- Published: November 23, 2012
- Written by Joshua Jackson
Herakles was born the son of a mortal Greek woman, Alcmene, and of Zeus, the king of the gods. This was much to the chagrin of Hera, Zeus' wife. Though Zeus was prolific in his promiscuity and Hera could not possibly have taken an interest in every case, she was particularly set against Herakles for most his life. Maybe this was the capricious temperament of the gods. Maybe Hera was jealous of the beautiful Alcmene, or maybe it was because Alcmene had foolishly chosen to name the child "glorious gift of Hera".
Whatever the cause, Hera's vendetta began with sending snakes to kill the infant Herkules. LIke a true Chuck Norris of the ancient world, Herakles strangled the snakes. Over the years Hera appeared periodically to make Herakles' life difficult or kick him while he was down, but generally Herakles came out on top. Eventually Hera upped the ante and drove Herakles mad, causing him to murder his wife and children.
Incognito mentions the unusual case of Kenneth Parks. There is little information available about Parks' ancestry, but it appears the gods had it out for him as well. In May of 1987 Parks murdered his mother-in-law and severely injured his father-in-law while sleepwalking. After he came to his senses with bloody hands, Parks turned himself in. The Canadian Supreme Court later upheld a ruling that Parks was not guilty due to a non-insane automatism.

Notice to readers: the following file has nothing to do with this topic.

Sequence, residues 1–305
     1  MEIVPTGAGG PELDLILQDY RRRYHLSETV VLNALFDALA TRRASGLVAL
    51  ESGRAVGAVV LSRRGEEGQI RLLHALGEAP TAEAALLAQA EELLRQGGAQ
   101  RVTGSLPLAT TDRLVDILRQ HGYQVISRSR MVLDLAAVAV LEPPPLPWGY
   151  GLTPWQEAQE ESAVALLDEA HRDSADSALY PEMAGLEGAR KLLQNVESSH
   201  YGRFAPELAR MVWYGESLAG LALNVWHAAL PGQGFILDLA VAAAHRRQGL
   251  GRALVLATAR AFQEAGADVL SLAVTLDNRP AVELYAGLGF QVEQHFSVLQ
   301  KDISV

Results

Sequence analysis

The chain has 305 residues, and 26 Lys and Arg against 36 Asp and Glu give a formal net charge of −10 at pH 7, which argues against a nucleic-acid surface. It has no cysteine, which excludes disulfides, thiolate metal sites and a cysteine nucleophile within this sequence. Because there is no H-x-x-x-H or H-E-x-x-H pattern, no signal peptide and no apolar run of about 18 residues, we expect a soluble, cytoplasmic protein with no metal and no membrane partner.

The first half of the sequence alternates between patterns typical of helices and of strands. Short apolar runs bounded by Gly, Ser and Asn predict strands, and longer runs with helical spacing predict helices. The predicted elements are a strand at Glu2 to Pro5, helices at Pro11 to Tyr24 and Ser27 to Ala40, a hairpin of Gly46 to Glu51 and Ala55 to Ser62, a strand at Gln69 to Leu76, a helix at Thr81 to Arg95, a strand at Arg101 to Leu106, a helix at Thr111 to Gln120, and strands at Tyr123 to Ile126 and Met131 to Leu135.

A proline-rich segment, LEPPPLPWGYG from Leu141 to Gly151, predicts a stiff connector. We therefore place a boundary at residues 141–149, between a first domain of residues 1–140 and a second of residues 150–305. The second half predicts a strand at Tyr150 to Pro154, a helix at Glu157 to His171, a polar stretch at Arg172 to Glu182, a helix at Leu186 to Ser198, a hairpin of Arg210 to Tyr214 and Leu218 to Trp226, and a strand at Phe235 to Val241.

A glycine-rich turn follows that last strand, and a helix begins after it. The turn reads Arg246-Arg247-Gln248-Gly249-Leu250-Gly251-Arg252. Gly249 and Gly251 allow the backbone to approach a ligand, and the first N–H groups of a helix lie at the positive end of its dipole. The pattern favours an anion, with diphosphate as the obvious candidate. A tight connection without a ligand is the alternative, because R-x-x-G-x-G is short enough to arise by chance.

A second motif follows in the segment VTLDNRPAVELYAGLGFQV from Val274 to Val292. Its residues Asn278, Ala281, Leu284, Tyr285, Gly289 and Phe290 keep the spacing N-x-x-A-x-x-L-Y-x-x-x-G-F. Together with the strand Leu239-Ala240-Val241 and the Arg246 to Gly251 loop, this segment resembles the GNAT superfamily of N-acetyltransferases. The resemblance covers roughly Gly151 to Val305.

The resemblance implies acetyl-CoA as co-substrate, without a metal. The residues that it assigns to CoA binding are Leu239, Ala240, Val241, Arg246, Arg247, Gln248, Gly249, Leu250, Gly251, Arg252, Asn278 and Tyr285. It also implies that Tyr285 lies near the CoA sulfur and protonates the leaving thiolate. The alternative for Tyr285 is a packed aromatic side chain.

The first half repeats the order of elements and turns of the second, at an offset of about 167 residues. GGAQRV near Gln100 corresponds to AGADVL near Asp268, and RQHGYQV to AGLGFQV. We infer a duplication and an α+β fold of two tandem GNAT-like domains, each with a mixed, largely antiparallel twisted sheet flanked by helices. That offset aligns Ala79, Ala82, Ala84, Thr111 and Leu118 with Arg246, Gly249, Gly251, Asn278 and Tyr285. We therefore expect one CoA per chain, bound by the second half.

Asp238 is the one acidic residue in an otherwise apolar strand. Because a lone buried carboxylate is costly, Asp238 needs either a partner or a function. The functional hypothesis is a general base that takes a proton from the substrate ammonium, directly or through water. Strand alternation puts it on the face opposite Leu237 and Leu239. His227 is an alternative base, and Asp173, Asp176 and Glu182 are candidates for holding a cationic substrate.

The automatism defense is similar to the insanity defense but generally there is an expectation that the accused is unlikely to repeat their actions and receives a verdict of merely not guilty instead of not guilty by reason of insanity. Thus the defendant is not subject to commitment to a mental health institution as in the case of the insanity defense. The defense implies an absence of actus reus - in a sense the person on trial did not actually perform the act.
Since he was acquitted of both murder and attempted murder, Parks is a free man and was last seen running for a school board position in Durham, Ontario. Meanwhile, in Ancient Greece, Herakles was assigned twelve tasks which are best described as Herculean. His failure was expected, but as with the snakes in his childhood, he surprised everyone by making it through. Seeing that he'd had enough, Hera put aside her grudge against him.
The story suggests an alternate course for automatism cases such as Kenneth Parks. We can imagine that in such a situation, one's conscience would be plagued by the act. Perhaps both community service and counseling would be in order, but current legal systems appear to have no provision for such an outcome.
* PubMed Health: Sleepwalking http://www.ncbi.nlm.nih.gov/pubmedhealth/PMH0001811/
* Lectlaw: The Automatism Defense http://www.lectlaw.com/mjl/cl033.htm
* Canadian Supreme Court ruling for R v Parks http://web.archive.org/web/20090513031306/http://scc.lexum.umontreal.ca/en/1992/1992rcs2-871/1992rcs2-871.html
* Perseus Library: The Life and Times of Hercules http://www.perseus.tufts.edu/Herakles/bio.html
* CityNews Toronto: Man Acquitted of Sleepwalking Murder Running for School Trustee in Durham http://www.citytv.com/toronto/citynews/news/local/article/24162